Cory Roush

Dissonance and tension plus reflection and resolution equal intellectual growth

Read This: On the Practice of Education

The following is an excerpt of an article written by Mallory Baches, in which she coherently described what I've been frustrated with in recent years regarding education reform, teacher evaluation systems, and society's attitude towards the teaching profession in general. You should definitely read the rest on Medium.

My degree is in architecture, and I'm a certified planner... At parties or gatherings, when I describe what I do, I refer to it as my practice. I am a certified professional, and society rewards that fact by deeming me a practitioner, no different in status from law or medicine or engineering or accountancy. I 'practice' my profession… I continue the work of perfecting my craft.

We certainly never refer to professional teachers as “practitioners.” We want perfection from them, while treating them as if they are capable of anything but. If you bother to look, the conflict is appallingly evident.

We hold teachers to a standard that very few of us could ever adhere to ourselves. In my line of work, that would be like saying that every place I design and help develop *had* to lead every citizen that came in contact with it to thrive. Think about that, the next time you are driving from home to work to the store…how many buildings that you come across stir your spirit? How many neighborhoods or communities that you pass through even *seem* to be places where you would thrive, never mind whether you actually *would* thrive there should you invest your life there? Much of our cities are filled with junk buildings.

More "data" is the last thing colleges of education need

When President Obama was still settling in to his first term in the Oval Office, Education Secretary Arne Duncan had harsh criticism for teacher preparation programs. Because of their low overhead and high enrollment, Duncan expressed his concern that these programs were “cash cows”. “By almost any standard,” he said, “many if not most of [these programs] are doing a mediocre job of preparing teachers for the realities of the 21st-century classroom.” One such standard could be a 2006 report by Arthur Levine, a former president of Columbia University’s own Teachers College, which found that 58% of alumni claimed that they were not adequately prepared to teach. (Missing from that report was any data pulled from faculty or alumni of Teachers College; Levine claimed it was to eliminate any appearance of bias, although it seems biased to not put an institution you presided over for 12 years under the same microscope as the rest of the nation’s colleges.) In the ongoing debate between whether or not teaching is a profession (like medicine) or a craft (like journalism), Levine has historically been on the side of those who favor more time in a college classroom or laboratory school and less time in the trenches. A 2011 op-ed written in the Washington Post hinted at the kind of reform that will sound familiar to those who read this week’s news from the White House:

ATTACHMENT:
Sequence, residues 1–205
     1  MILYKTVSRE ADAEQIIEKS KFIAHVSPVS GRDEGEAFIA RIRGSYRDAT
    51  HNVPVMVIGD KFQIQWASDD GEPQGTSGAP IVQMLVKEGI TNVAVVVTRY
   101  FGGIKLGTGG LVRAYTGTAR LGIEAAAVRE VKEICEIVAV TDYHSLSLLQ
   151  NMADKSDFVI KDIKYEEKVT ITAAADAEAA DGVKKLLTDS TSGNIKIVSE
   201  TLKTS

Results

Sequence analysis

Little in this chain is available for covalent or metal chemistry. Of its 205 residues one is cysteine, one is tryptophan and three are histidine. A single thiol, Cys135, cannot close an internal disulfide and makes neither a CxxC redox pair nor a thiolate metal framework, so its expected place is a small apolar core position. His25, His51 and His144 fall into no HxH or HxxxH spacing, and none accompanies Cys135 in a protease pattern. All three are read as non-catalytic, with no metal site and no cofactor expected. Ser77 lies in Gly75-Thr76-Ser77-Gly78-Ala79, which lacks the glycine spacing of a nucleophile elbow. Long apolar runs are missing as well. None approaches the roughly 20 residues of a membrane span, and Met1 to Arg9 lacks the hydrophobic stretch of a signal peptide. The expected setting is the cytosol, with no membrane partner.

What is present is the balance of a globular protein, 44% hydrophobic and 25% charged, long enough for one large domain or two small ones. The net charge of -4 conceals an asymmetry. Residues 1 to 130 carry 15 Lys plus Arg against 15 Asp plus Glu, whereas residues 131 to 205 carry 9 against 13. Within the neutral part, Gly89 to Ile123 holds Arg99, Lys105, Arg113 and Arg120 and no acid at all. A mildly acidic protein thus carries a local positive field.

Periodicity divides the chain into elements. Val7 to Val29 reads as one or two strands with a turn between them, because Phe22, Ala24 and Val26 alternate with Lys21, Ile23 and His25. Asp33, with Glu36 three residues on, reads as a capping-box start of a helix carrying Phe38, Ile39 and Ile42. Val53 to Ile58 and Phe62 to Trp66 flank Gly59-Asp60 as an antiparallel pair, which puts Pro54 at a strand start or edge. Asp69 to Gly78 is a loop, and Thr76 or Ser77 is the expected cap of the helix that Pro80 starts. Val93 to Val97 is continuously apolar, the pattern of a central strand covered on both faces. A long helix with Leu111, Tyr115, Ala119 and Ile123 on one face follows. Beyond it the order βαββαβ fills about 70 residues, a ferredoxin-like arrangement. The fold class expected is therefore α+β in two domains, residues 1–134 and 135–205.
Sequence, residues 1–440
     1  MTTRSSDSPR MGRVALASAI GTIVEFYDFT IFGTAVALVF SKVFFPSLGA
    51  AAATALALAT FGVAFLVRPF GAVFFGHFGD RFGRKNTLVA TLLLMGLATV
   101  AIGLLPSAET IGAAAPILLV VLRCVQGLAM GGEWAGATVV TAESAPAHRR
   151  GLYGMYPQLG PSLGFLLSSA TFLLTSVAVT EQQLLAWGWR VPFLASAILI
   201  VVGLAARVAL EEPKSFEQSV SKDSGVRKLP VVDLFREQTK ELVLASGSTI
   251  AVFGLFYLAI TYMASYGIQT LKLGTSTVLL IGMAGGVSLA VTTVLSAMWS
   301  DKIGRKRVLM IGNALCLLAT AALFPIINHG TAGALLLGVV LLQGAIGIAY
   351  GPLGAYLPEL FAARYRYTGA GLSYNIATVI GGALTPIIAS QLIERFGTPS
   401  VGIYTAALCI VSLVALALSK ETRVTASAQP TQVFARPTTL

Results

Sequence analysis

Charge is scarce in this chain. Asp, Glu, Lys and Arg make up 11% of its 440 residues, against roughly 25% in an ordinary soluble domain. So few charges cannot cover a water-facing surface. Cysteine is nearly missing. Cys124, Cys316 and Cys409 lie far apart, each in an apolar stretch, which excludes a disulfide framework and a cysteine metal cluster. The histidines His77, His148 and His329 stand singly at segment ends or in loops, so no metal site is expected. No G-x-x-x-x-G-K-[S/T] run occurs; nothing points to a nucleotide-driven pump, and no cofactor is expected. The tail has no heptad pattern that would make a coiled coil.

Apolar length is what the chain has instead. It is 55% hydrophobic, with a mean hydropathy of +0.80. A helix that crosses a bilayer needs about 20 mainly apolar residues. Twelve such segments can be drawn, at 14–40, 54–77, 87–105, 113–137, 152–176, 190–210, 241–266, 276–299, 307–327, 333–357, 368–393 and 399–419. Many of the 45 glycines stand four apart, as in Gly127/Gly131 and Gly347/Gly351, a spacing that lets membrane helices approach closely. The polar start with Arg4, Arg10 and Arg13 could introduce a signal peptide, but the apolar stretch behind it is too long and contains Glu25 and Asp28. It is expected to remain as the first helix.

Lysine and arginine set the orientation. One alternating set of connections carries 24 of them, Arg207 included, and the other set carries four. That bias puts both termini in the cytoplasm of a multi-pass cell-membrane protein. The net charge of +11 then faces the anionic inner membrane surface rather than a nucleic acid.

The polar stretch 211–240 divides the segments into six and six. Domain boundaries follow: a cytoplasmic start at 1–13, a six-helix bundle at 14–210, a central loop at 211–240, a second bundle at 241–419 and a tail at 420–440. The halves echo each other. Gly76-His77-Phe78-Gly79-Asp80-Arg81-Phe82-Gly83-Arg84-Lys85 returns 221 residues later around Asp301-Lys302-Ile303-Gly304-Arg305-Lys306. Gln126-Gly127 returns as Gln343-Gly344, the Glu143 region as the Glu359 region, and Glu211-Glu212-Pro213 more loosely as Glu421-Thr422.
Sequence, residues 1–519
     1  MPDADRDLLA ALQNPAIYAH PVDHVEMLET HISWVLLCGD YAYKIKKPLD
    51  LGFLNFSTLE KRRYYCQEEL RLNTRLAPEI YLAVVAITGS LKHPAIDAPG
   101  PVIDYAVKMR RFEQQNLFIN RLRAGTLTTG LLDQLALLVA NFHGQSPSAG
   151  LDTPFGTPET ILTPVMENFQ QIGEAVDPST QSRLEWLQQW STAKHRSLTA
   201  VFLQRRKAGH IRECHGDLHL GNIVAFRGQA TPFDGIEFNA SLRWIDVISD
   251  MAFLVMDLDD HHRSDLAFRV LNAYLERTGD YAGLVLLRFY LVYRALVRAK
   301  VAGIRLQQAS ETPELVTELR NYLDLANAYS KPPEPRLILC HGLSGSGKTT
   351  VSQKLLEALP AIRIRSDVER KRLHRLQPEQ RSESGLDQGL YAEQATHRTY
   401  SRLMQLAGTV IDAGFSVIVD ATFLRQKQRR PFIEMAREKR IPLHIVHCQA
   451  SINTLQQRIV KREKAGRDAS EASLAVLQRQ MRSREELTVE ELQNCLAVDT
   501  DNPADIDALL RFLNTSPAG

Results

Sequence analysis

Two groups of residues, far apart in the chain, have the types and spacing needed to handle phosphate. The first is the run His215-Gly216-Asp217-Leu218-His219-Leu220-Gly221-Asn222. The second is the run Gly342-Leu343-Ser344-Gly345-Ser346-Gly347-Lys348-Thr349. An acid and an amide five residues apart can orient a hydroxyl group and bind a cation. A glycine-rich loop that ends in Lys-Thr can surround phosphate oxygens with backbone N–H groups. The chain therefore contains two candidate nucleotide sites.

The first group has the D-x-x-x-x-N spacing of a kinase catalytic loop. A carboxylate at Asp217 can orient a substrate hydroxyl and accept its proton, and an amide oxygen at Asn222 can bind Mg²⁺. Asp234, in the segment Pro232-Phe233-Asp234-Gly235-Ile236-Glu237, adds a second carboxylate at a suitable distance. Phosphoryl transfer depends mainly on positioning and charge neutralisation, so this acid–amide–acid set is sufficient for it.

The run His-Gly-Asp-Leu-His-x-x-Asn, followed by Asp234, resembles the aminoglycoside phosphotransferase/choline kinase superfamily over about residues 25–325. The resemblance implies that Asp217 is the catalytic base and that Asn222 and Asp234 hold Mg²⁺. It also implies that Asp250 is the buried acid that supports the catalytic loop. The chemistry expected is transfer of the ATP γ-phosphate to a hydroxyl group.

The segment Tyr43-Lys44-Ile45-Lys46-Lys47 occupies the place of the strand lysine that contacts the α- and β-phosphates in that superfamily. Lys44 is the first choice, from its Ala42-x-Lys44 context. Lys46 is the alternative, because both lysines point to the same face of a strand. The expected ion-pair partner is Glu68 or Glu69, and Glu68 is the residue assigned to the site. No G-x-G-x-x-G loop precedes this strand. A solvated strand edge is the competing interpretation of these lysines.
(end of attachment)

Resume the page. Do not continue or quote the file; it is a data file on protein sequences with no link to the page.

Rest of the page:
“These programs should be evaluated primarily on the basis of outcomes —student learning in a particular teacher’s class compared to the classes of that teacher’s peers. A generation ago, we simply did not have this sort of data. Now we do, and it is incumbent on us to use it.”